Web application security is an important topic that's gaining more attention from both the developers who create web applications, and the attackers who try to exploit them. As a PHP developer, your applications are sure to be the target of many attacks, and you need to be prepared.
A large number of web application vulnerabilities are due to a misplaced trust in data provided by third parties. Such data is known as input, and it should be considered tainted until proven otherwise. If you display tainted data to your users, you create cross-site scripting (XSS) vulnerabilities. 18.4 explains how to avoid these by escaping your output. If you use tainted data in your SQL queries, you can create SQL injection vulnerabilities. Recipe 18.5 shows you how to eliminate these.
When using data provided by third parties, including the data provided by your users, it is important to first verify that it is valid. This process is known as filtering, and Recipe 18.3 shows you how to guarantee that all input is filtered.
Not all security problems can be solved by filtering input and escaping output. Session fixation, an attack discussed in Recipe 18.1, causes a victim to use a session identifier chosen by an attacker. Cross-site request forgeries, a type of attack discussed in Recipe 18.1, cause a victim to send a request of an attacker's choosing.
Closely related to security is encryption, a powerful tool that can help boost your application's security. Just like any other tool, however, it must be used properly.
Encryption scrambles data. Some data scrambling can't be unscrambled without unreasonable amounts of processing. This is called one-way encryption or hashing. Other encryption methods work in two directions: data is encrypted, and then it's decrypted.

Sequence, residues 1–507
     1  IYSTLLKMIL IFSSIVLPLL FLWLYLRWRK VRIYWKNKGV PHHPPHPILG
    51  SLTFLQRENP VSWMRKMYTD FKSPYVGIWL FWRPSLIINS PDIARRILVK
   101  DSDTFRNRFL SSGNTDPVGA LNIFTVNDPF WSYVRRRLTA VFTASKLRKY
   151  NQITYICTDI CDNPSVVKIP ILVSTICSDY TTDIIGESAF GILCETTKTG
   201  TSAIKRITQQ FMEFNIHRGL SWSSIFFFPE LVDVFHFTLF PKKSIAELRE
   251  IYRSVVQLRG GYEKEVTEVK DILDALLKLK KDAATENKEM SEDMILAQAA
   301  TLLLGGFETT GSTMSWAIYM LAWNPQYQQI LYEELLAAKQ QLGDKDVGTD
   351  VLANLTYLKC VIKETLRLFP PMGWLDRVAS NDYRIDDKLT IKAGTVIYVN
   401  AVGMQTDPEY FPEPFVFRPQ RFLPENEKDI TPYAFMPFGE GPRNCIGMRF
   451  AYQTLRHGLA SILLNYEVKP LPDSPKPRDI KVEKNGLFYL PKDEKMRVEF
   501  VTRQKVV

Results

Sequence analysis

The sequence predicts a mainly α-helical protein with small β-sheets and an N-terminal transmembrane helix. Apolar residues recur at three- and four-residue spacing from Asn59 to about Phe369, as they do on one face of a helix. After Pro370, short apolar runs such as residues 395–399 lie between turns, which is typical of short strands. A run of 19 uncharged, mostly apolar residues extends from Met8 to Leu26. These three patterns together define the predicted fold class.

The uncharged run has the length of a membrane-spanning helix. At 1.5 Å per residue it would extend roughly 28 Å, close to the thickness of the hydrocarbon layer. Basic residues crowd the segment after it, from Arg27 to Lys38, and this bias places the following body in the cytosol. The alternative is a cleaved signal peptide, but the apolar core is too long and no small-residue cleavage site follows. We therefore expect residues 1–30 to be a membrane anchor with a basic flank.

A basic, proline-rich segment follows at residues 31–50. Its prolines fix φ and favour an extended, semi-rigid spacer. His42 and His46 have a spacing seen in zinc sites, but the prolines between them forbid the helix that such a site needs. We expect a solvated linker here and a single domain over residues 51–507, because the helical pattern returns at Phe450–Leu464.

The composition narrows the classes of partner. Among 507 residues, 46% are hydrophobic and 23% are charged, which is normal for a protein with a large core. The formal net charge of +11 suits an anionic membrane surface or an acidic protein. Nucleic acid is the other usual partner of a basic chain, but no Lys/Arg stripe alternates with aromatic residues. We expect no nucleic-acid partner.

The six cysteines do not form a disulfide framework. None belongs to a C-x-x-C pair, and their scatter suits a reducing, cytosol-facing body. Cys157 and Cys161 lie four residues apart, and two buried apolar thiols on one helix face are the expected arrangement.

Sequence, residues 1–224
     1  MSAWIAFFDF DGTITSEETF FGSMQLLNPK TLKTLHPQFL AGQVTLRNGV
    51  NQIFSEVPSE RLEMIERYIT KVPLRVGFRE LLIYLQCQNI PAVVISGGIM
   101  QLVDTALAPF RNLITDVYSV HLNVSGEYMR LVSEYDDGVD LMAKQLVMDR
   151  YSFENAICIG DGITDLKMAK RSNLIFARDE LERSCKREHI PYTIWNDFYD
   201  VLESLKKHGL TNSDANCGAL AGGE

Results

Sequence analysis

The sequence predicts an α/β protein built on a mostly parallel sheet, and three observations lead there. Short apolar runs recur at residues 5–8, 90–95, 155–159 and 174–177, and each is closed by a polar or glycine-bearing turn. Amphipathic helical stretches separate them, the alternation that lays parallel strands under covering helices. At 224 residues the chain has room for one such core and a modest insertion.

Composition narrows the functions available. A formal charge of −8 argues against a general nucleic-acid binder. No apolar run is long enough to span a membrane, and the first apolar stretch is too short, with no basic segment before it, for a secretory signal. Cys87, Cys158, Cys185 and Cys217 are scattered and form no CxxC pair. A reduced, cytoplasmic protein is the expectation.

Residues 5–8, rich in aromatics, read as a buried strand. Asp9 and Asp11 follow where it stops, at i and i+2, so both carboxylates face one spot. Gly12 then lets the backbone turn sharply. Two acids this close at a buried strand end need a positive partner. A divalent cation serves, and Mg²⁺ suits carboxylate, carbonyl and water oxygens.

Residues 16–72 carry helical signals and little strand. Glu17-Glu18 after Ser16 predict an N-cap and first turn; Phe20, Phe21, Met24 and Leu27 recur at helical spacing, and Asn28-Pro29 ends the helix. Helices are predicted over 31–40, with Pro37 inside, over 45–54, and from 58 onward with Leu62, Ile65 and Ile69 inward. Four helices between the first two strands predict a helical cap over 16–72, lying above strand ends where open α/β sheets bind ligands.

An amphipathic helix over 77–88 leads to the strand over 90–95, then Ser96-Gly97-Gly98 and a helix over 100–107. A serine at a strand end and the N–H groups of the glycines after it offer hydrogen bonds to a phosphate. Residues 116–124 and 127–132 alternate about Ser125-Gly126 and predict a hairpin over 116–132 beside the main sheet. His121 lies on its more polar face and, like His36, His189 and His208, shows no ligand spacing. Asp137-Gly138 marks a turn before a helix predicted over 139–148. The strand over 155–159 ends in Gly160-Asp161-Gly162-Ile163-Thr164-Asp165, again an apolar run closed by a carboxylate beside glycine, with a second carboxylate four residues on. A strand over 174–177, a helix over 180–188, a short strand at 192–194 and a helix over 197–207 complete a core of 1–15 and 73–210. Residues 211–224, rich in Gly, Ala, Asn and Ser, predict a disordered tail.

PHP supplies tools to encrypt and secure your data. Some tools, such as the md5( ) function, are part of PHP's base set of functions, and some are extensions that need to be explicitly included when PHP is compiled (e.g., mcrypt, mhash, and cURL ).
Recipe 18.7 discusses using md5( ) . It is most widely used for encrypting passwords.
mcrypt is a more full-featured encryption library that offers different algorithms and encryption modes. Because it supports different kinds of encryption, mcrypt is especially helpful when you need to exchange encrypted data with other systems or with programs not written in PHP. mcrypt is discussed in detail in Recipe 18.10.
PHP gives you the tools to protect your data with robust encryption, but encryption is just part of the large and often complex security picture. Your encrypted data can be unlocked with a key, so protecting that key is very important. If your encryption keys are accessible to unauthorized users (because they're stored in a file accessible via your web server or because they're stored in a file accessible by other users in a shared hosting environment, for example), your data is at risk, no matter how secure your chosen encryption algorithm is.
Sensitive data needs to be protected not only on the server, but also when it's traveling over the network between the server and your users. Data sent over regular HTTP is visible to anyone with access to the network at any point between your server and a user. Recipe 18.13 discusses how to use SSL to prevent network snoopers from observing data as it passes by. For a complete discussion on securing PHP applications, read PHP Security (O'Reilly) by Chris Shiflett.